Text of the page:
The bank signaled it is prepared to respond more forcefully at its November meeting if needed. Its decision comes during a busy week for central bank action marked by much more aggressive moves to bring down soaring consumer prices.

The U.S. Federal Reserve hiked rates Wednesday by three-quarters of a point for the third consecutive time and forecast that more large increases were ahead. Also Thursday, the Swiss central bank enacted its biggest-ever hike to its key interest rate.

Three of the British bank’s nine committee members wanted a similar three-quarter-point raise but were outvoted by five who preferred a half-point and one who voted for a quarter-point.

The decision “suggests the Bank of England is concerned about the U.K.’s economic deteriorating outlook amid the looming threat of recession,” said Victoria Scholar, head of investment at interactive investor. “The timid increase will do little to stem the slide in sterling but may avoid inadvertently inducing unnecessary pain for the economy which is already grappling with slowing demand and deteriorating confidence.”

Surging inflation is a worry for central banks because it saps economic growth by eroding people’s purchasing power. Raising interest rates — the traditional tool to combat inflation — reduces demand and therefore prices by making it more expensive to borrow money for big purchases like cars and homes.

Inflation in the United Kingdom hit 9.9% in August, close to its highest level since 1982 and five times higher than the Bank of England’s 2% target. The British pound is at its weakest against the dollar in 37 years, contributing to imported inflation.

To ease the crunch, Truss’ government announced it would cap energy bills for households and businesses that have soared as Russia’s war in Ukraine drives up the price of natural gas needed for heating.

The Treasury is expected to publish a “mini-budget” Friday with more economic stimulus measures, and the bank said it won’t be able to assess how they will affect inflation until its November meeting..

The Bank of England expects gross domestic product to fall by 0.1% in the third quarter, below its August projection of 0.4% growth. That would be a second quarterly decline after official estimates showed output fell by 0.1% in the previous three-month period.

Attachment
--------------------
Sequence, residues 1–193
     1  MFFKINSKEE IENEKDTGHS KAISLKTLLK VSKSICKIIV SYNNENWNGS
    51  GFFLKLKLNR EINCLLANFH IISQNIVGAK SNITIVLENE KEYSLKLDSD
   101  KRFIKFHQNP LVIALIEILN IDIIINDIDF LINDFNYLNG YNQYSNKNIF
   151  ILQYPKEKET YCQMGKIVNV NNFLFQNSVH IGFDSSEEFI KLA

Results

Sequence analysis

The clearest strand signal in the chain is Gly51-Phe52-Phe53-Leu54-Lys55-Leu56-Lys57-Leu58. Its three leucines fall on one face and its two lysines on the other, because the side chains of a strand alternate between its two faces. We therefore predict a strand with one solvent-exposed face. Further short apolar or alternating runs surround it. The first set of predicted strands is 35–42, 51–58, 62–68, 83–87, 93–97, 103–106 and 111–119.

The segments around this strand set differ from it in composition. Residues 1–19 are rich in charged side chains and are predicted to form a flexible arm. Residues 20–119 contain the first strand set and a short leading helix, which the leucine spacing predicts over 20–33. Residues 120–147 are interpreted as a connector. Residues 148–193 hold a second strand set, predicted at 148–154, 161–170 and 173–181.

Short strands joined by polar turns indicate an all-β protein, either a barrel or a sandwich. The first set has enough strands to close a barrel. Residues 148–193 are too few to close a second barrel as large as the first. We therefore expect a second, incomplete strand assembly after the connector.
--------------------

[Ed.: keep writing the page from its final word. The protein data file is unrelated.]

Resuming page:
The weakness partly reflects a smaller-than-expected rebound after an extra June holiday to celebrate the queen’s 70 years on the throne and the impact of another public holiday Monday for her funeral, officials said.

The bank avoided pressure to go bigger even as other banks around the world take aggressive action against inflation fueled by the global economy’s recovery from the COVID-19 pandemic and then the war in Ukraine.

This month, Sweden’s central bank raised its key interest rate by a full percentage point, while the European Central Bank delivered its largest-ever rate increase with a three-quarter point hike for the 19 countries that use the euro currency.

But British policymakers signaled they will “respond forcefully, as necessary” if there are signs that inflationary pressure is more persistent than expected, “including from stronger demand.”

The bank said it’s also moving ahead with plans to trim its bond holdings built up under a stimulus program, selling off 80 billion pounds ($90 billion) worth of assets over the next year to bring its portfolio down to 758 billion pounds.

Additional reporting by The Associated Press.

Source: newsy.com

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U.S. Northeast faces potential energy shortages as rails start to shut

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Unused oil tank cars are pictured on Western New York & Pennsylvania Railroad tracks outside Hinsdale, New York August 24, 2015. Picture taken August 24, 2015. REUTERS/Lindsay DeDario/File Photo

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NEW YORK, Sept 14 (Reuters) – Some trains carrying fuel components to the U.S. Northeast have been halted in preparation for a possible railroad shutdown in the coming days, two sources familiar with the situation said on Wednesday.

The northernmost East Coast states rely on railroad shipments to supplement pipeline deliveries from the U.S. Gulf. The region is among the largest fuel consumers in the nation, where U.S. Energy Information Administration (EIA) data shows that in July inventories of heating oil and diesel reached the lowest levels in at least three decades.